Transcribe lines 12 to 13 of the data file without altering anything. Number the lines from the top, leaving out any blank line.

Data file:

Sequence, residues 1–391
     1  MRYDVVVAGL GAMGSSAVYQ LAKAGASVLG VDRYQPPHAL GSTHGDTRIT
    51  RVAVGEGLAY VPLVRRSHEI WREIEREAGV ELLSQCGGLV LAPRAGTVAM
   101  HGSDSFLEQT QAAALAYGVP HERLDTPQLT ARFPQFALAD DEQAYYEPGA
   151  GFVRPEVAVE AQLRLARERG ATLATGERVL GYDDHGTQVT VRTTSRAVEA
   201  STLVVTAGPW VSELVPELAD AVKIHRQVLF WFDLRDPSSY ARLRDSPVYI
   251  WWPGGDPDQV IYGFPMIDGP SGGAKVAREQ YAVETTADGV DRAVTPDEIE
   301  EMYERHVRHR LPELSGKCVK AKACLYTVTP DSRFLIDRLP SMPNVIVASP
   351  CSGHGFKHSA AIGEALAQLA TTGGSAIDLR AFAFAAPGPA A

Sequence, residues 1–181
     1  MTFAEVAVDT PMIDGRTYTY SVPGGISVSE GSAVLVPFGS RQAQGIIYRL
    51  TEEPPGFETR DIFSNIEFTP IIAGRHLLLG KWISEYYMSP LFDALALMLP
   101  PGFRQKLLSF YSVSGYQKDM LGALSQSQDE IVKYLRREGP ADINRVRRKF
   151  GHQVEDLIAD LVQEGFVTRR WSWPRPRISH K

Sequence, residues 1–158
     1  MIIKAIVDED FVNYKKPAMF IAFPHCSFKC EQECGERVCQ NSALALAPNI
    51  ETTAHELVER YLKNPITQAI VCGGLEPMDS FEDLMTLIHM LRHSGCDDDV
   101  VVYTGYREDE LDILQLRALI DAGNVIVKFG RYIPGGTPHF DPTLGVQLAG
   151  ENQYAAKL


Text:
    51  TEEPPGFETR DIFSNIEFTP IIAGRHLLLG KWISEYYMSP LFDALALMLP
   101  PGFRQKLLSF YSVSGYQKDM LGALSQSQDE IVKYLRREGP ADINRVRRKF